Global airline body warns against protectionism, rising costs
Trade wars and protectionism are key risk factors to airline profits already weakened by rising oil prices, the International Air Transport Association said Monday.
The warning came at the annual meeting of global airlines in Sydney, where it was revealed that 2018's collective net profit was forecast to be $33.8 billion, down from an outlook of $38.4 billion released in December.
The lower figure, while still considered healthy for the sector, reflected the impact of soaring oil prices which have hit 3.5-year highs following the US pullout from the Iran nuclear deal and unrest in Venezuela.
IATA chief executive Alexandre de Juniac said airlines had so far faced no "significant decline" in passenger or cargo traffic, but warned that both would suffer if trade tensions continued.
"Generally, we think... that all these barriers to trade are bad news from an industry standpoint," de Juniac told reporters.
Investors have been rattled by fears of conflict between some of the world's biggest economies after US President Donald Trump imposed stiff tariffs on steel and aluminium from Europe, Mexico and Canada, sparking counter-measures from major allies.
Other key concerns raised by IATA include the US withdrawal from the Iran deal and uncertainty about the impact of Brexit.
Qantas chief executive Alan Joyce said the Australian carrier was keeping a "watchful eye" on global developments, adding that the travel sector had been supported by increased trade.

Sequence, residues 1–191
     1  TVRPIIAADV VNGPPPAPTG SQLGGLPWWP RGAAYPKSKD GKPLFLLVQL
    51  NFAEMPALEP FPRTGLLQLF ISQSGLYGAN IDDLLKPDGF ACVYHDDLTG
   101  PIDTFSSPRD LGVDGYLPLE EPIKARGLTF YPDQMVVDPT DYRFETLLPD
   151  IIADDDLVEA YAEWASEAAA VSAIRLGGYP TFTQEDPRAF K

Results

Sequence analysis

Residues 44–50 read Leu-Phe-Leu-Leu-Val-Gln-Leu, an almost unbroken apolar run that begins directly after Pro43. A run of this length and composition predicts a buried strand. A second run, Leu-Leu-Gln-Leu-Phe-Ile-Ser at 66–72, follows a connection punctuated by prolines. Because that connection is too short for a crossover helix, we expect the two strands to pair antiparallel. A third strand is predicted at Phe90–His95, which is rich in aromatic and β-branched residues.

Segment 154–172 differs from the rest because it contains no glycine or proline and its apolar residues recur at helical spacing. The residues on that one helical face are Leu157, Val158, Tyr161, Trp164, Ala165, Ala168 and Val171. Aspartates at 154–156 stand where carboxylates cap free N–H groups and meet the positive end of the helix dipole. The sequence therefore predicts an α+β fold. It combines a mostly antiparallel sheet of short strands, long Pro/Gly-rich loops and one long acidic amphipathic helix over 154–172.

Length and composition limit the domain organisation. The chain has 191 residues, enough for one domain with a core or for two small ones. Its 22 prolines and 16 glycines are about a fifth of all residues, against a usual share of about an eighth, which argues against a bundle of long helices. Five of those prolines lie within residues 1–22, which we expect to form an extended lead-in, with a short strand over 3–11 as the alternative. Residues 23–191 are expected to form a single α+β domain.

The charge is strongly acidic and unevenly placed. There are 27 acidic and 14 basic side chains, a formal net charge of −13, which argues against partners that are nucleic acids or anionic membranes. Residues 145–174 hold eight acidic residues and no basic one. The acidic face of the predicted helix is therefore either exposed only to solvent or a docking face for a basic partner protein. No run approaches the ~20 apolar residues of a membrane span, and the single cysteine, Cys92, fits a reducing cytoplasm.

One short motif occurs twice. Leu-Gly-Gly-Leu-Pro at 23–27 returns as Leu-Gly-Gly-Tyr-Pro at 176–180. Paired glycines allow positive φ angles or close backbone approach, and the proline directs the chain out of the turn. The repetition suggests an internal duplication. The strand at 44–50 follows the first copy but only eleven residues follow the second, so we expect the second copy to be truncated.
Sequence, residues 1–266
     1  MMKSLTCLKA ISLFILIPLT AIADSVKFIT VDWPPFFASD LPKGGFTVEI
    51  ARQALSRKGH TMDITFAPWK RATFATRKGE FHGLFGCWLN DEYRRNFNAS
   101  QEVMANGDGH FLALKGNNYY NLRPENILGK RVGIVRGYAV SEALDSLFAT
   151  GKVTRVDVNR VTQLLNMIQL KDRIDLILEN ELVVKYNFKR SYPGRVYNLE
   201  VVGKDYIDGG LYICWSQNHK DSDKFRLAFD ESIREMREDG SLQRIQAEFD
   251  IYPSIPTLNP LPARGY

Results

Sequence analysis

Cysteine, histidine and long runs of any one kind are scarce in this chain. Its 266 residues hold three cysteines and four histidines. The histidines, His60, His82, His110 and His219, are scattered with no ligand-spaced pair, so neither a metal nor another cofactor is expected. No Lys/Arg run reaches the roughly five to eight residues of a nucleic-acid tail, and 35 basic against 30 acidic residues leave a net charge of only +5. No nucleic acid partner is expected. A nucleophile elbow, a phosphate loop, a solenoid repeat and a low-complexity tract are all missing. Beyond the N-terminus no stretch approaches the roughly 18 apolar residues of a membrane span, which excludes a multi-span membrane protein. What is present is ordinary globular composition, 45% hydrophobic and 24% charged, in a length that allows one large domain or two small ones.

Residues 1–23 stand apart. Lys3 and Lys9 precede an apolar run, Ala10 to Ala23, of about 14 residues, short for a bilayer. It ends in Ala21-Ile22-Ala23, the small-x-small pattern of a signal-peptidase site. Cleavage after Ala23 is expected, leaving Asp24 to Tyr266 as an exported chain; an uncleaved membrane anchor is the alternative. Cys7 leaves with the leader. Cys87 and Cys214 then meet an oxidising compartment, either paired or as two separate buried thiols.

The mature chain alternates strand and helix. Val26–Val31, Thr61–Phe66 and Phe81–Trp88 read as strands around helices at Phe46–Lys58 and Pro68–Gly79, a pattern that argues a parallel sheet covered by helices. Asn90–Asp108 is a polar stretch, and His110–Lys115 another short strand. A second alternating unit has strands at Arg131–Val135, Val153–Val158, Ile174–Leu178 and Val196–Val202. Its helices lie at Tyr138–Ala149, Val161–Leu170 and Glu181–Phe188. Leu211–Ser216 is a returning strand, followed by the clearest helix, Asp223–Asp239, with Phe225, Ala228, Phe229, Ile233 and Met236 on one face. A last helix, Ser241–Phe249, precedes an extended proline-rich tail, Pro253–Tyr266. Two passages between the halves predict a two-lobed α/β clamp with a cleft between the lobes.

"We have a number of free trade agreements between Australia and a number of countries in the region and we've seen a significant boost in freight... and travel as a consequence of that," Joyce said.
IATA—which represents 280 airlines that make up 83 percent of global air traffic—said the sector had experienced nine years of gains, although operating profits have been trending slowly lower since early 2016 thanks to rising costs.
"2018 is a tougher year but the airlines have done a good job of managing the changing environment," de Juniac said. "This is a resilient industry that has been through almost two decades of significant and dramatic changes."
Among the regions, North American airlines were expected to record a net profit of $15.0 billion this year, representing 44 percent of the global total.
European and Asia-Pacific carriers are tipped to report their second-highest ever net profits of $8.6 billion and $10.1 billion representatively.
Latin American and Middle East airlines were also set to see their profits grow in 2018 on the back of stronger commodity prices, but African carriers are forecast to record losses of $100 million, the same as last year.
© 2018 AFP